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Burlington police say controversial trespassing ordinance is wor - WCAX.COM Local Vermont News, Weather and Sports-

Burlington police say controversial trespassing ordinance is working

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BURLINGTON, Vt. - Lorre Tucker has owned Expressions Boutique on Burlington's Church Street Marketplace since 1979.

Some of that time she feared for her own and her customers' safety.


"
We had people walk in, very strange behavior walking in, walking through the store, frightening us a bit," said Tucker.

Now
Tucker says she doesn't see this kind of behavior as much. A fact she partly attributes to a city ordinance that allows police to issue trespassing notices to violators on Church Street Marketplace.

"I
definitely think that the ordinance has a place. The most important thing about it is it helps the police when they need to give them teeth and give them a reason to stop the behavior," said Tucker.

There are four core violations that could result in a trespassing notice:


   
 1. Disorderly Conduct
     2. Unlawful mischief
     3. Possession of opened or unopened alcohol
     4.
Possession of drugs

According the Burlington Police Department, here's a list of trespassing notices that have been issued since the ordinance was first implemented in May 2013:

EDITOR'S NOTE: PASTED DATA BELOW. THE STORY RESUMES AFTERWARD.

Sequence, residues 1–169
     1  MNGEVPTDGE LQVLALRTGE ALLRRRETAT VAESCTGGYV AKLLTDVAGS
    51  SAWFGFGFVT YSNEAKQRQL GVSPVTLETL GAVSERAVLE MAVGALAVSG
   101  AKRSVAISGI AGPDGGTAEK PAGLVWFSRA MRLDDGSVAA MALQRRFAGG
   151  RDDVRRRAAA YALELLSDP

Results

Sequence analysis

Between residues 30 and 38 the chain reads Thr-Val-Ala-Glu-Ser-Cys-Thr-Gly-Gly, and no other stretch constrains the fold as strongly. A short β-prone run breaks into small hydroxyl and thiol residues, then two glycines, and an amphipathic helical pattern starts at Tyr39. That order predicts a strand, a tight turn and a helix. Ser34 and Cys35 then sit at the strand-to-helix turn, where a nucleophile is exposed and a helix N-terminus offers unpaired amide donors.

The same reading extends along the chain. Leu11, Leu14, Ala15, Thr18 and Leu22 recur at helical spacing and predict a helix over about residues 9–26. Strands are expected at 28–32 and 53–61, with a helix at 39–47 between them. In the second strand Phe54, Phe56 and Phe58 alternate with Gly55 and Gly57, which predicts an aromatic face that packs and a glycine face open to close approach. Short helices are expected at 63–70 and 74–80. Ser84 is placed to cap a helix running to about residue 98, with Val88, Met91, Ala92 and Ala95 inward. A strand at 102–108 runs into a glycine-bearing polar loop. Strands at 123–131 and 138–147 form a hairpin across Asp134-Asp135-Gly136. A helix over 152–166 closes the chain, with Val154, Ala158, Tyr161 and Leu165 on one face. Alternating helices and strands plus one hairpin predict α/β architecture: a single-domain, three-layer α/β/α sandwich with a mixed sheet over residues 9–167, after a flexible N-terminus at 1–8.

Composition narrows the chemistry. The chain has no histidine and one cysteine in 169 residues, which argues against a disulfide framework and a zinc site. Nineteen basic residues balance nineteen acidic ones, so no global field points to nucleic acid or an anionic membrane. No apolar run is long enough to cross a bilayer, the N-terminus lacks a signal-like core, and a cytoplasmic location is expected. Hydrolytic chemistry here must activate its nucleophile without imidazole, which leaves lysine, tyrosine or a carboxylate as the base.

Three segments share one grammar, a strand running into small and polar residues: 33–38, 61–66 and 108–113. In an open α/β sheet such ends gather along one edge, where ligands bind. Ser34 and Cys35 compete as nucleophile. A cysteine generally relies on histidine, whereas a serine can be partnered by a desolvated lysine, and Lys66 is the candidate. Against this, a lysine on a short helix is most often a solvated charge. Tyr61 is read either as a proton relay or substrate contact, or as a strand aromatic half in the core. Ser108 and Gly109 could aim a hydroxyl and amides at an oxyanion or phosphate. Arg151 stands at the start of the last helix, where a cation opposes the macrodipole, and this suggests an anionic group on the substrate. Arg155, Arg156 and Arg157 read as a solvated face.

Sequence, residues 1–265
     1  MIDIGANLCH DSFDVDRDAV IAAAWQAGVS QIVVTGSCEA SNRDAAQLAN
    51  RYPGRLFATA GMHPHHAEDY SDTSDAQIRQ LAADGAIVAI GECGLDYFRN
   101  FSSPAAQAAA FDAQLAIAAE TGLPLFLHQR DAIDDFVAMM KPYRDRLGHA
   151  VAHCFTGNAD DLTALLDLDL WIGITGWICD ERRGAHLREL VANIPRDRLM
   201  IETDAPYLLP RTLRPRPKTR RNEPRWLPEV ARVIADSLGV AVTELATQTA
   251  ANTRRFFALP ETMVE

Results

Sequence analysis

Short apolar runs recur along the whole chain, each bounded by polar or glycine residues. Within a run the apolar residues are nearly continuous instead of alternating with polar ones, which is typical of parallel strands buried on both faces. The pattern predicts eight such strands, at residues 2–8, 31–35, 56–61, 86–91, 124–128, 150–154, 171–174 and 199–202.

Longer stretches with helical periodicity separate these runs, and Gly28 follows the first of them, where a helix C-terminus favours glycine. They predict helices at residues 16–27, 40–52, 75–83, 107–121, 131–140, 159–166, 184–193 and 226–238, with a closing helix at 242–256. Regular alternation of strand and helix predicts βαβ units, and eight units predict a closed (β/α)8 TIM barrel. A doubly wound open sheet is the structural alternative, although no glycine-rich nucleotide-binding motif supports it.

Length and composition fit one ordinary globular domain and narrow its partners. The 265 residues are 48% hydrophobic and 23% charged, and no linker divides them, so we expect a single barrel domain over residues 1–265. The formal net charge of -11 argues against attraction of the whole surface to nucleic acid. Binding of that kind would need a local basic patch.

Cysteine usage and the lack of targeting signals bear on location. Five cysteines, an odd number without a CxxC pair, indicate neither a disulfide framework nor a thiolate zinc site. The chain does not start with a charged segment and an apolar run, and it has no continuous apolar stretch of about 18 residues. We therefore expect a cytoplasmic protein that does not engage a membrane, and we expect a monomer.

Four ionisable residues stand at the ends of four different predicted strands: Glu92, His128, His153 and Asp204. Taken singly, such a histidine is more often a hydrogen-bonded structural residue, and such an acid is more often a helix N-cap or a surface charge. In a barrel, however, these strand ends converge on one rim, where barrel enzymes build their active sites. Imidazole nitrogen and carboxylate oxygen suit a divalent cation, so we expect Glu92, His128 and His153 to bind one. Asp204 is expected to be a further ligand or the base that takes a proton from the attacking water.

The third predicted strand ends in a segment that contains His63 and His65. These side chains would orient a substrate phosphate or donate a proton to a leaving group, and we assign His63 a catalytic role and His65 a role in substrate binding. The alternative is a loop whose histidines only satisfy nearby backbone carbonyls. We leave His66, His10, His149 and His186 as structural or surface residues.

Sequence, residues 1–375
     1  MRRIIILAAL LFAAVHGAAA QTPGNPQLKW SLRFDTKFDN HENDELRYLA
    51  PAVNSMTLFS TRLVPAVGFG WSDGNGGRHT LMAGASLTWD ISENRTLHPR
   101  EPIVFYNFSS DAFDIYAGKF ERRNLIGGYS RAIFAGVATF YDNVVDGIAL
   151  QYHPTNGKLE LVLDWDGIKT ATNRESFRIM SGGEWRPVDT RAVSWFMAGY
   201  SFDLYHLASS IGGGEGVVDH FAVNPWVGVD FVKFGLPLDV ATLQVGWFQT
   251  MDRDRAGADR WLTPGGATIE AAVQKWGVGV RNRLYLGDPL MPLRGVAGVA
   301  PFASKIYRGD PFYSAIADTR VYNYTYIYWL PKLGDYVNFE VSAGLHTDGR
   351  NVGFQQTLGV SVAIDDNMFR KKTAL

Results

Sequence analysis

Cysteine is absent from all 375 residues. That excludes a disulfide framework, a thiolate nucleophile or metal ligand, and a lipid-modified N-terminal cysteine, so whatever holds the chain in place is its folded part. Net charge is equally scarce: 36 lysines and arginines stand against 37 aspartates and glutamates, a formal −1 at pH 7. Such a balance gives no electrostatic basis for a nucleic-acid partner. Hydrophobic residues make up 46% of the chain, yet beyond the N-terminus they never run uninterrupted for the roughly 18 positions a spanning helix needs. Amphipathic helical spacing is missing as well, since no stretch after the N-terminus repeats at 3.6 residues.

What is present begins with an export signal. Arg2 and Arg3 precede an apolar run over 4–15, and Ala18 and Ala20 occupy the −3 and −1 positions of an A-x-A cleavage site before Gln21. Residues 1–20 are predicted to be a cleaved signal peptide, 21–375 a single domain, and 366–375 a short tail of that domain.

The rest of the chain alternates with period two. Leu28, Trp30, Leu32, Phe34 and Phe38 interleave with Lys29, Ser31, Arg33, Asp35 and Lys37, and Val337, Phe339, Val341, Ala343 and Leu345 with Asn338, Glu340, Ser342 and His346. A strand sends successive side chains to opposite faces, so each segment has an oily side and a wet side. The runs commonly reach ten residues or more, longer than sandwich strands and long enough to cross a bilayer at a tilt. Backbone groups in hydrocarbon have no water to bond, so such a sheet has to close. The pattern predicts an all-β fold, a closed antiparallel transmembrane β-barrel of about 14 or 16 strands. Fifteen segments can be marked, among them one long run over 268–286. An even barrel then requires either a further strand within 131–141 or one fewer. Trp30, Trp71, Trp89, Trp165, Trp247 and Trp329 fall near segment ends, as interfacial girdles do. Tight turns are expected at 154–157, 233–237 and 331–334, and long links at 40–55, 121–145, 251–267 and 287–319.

• 53 first offense trespassing notices issued resulting in a 24-hour marketplace ban for each violator
  • 10 second offense trespassing notices resulting in 90 day bans
  • 1 third offense trespassing notice resulting in a one-year marketplace ban for that violator
"Usually it's an individual whose already been spoken to once, maybe even twice," said Burlington Deputy Police Chief Bruce Bovat

Burlington Police say they issue trespassing notices in limited cases when an individual’s behavior begins to affect others' enjoyment of Church Street Marketplace and they say it's working.

"We've seen that by issuing this trespass that it is a deterrent; people don’t want to risk not be
ing allowed back down there, and our vast majority has been one-time issues which tell us it's working," said Chief Bovat.

Burlington City Attorney Eileen Blackwood says
one of the city’s main ideas behind the ordinance is its use as a tool for police to avoid unnecessary arrests.

"
Church Street is a place where there are lots of people and lot of people gathering, and the police in particular wanted to have some tool that would not require them to necessarily take someone off to jail and arrest them, but to diffuse a situation," said Blackwood.

She likens the ordinance to a timeout; a chance for people to leave the marketplace for a period of time in order to get their behavior under control.

"Another tool for the police to use to try to avoid escalating conflicts into criminal matters when they didn't need to be but the behavior was in violation of the law enough to make the police need to act on it
," said Blackwood.

But from the beginning the ordinance has been controversial and has left some questioning its constitutionality

"It might be a violation of people’s First Amendment rights," said Burlington City Council member Jane Knodell.

Related Story:

Is the Church Street trespassing ordinance unconstitutional?
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